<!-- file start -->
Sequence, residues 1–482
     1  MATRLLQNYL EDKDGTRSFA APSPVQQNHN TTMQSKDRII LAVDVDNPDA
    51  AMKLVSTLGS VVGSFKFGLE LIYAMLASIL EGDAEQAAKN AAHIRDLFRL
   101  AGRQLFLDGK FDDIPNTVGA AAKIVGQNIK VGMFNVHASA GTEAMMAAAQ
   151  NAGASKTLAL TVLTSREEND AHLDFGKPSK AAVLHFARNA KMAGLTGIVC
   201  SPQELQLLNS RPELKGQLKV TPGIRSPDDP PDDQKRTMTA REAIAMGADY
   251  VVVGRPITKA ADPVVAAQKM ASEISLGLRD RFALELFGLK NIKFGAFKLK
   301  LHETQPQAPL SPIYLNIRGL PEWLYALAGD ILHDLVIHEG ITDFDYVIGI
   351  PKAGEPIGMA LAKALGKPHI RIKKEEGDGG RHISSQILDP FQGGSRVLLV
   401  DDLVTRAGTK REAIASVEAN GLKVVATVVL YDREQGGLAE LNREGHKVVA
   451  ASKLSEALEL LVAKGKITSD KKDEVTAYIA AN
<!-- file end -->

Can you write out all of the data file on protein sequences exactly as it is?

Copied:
Sequence, residues 1–482
     1  MATRLLQNYL EDKDGTRSFA APSPVQQNHN TTMQSKDRII LAVDVDNPDA
    51  AMKLVSTLGS VVGSFKFGLE LIYAMLASIL EGDAEQAAKN AAHIRDLFRL
   101  AGRQLFLDGK FDDIPNTVGA AAKIVGQNIK VGMFNVHASA GTEAMMAAAQ
   151  NAGASKTLAL TVLTSREEND AHLDFGKPSK AAVLHFARNA KMAGLTGIVC
   201  SPQELQLLNS RPELKGQLKV TPGIRSPDDP PDDQKRTMTA REAIAMGADY
   251  VVVGRPITKA ADPVVAAQKM ASEISLGLRD RFALELFGLK NIKFGAFKLK
   301  LHETQPQAPL SPIYLNIRGL PEWLYALAGD ILHDLVIHEG ITDFDYVIGI
   351  PKAGEPIGMA LAKALGKPHI RIKKEEGDGG RHISSQILDP FQGGSRVLLV
   401  DDLVTRAGTK REAIASVEAN GLKVVATVVL YDREQGGLAE LNREGHKVVA
   451  ASKLSEALEL LVAKGKITSD KKDEVTAYIA AN